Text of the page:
Out Like a Lion

"7-Up At The Fair"


7-Up Pavilion

A lot of 7-Up has gone over the counter at the 7-Up International Sandwich Gardens since the World's Fair opened in April of 1964 -- some five million 9-ounce cups, to be exact!

. . . Not including some 100,000 7-Up "Floats," sold mainly during 1965!

Plus, of course, more than five and a half million cups sold through World's Fair restaurants, bars, venders and concession stands!

Total figures? We're too tired to count. No matter how you slice your statistics, you will still come up with one big fact . . .

Seven-Up was up front . . . up big . . . at the 1964-65 New York World's Fair!

Production and delivery would have kept a good-size 7-Up bottling plant busy for the 12-month run of the Fair. In fact, it required the facilities of one of the biggest ones -- the 7-Up Bottling Company of Brooklyn, who produced the 7-Up for the Seven-Up World's Fair Associates. The six New York Metropolitan Area 7-Up Developers in Brooklyn, N.Y., Norwalk, Conn., Hackensack, Plainfield, Newark and Washington, N.J., joined with The Seven-Up Company in forming the Seven-Up World's Fair Associates, which was designed to operate the 7-Up International Sandwich Gardens.

All these facts are very fine -- and we don't want to minimize them. But -- the sale of 7-Up at the World's Fair was actually a secondary purpose for 7-Up participation.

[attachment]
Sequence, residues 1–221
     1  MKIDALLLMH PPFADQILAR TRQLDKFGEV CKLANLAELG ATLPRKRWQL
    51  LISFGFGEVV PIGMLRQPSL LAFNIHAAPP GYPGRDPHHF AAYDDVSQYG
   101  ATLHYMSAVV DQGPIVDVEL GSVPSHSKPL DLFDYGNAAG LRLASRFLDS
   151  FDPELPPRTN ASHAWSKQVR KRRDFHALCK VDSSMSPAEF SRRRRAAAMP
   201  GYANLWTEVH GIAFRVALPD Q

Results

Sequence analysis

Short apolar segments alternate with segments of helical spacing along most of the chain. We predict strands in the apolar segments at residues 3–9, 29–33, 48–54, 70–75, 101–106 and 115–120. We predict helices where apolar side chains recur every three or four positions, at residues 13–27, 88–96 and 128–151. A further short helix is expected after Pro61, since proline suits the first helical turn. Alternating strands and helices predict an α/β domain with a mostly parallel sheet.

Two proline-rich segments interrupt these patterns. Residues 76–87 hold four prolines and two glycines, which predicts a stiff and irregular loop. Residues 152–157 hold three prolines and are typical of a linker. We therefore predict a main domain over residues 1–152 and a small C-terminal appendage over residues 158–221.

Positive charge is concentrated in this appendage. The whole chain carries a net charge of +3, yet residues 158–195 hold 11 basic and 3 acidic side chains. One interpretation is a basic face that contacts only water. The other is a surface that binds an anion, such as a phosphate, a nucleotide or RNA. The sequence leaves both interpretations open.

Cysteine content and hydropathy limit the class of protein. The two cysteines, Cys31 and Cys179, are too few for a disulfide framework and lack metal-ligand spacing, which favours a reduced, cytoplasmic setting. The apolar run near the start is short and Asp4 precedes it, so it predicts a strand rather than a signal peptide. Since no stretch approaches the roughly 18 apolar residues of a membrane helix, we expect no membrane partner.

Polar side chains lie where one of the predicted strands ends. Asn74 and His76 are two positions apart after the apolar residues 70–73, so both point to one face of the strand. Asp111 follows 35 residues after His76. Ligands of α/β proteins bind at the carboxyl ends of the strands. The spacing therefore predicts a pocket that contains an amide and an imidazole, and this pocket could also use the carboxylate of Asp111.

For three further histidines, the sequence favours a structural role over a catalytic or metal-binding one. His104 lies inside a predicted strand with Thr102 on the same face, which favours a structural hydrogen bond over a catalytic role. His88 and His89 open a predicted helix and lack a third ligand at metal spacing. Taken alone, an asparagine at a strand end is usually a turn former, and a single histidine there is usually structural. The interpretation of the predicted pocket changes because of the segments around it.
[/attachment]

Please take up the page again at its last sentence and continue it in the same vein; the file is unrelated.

We wanted . . .

  • To establish 7-Up, both domestically and internationally, as a major industrial force -- The 7-Up Company, its Canadian and Export subsidiaries, and especially 7-Up Developers.
  • To demonstrate the affinity of 7-Up for food . . . through the medium of the unique trays of "International Sandwiches."
  • To sample potential 7-Up customers who would be retuning to Developer territories all over the world.
  • And to make all of us even prouder to be associated with 7-Up.

Were we successful?

Or perhaps first -- since we depended on the Fair itself for our visitors -- was the New York World's Fair a success?

It has been a very popular and convenient ploy for the press to suggest that it was not. Yet more than 50 million people attended in 12 months -- more people than have ever paid admission to gather in one place over a similar period of time in the history of the world.

We believe it was a great success -- but we'll let the World's Fair stand on its record.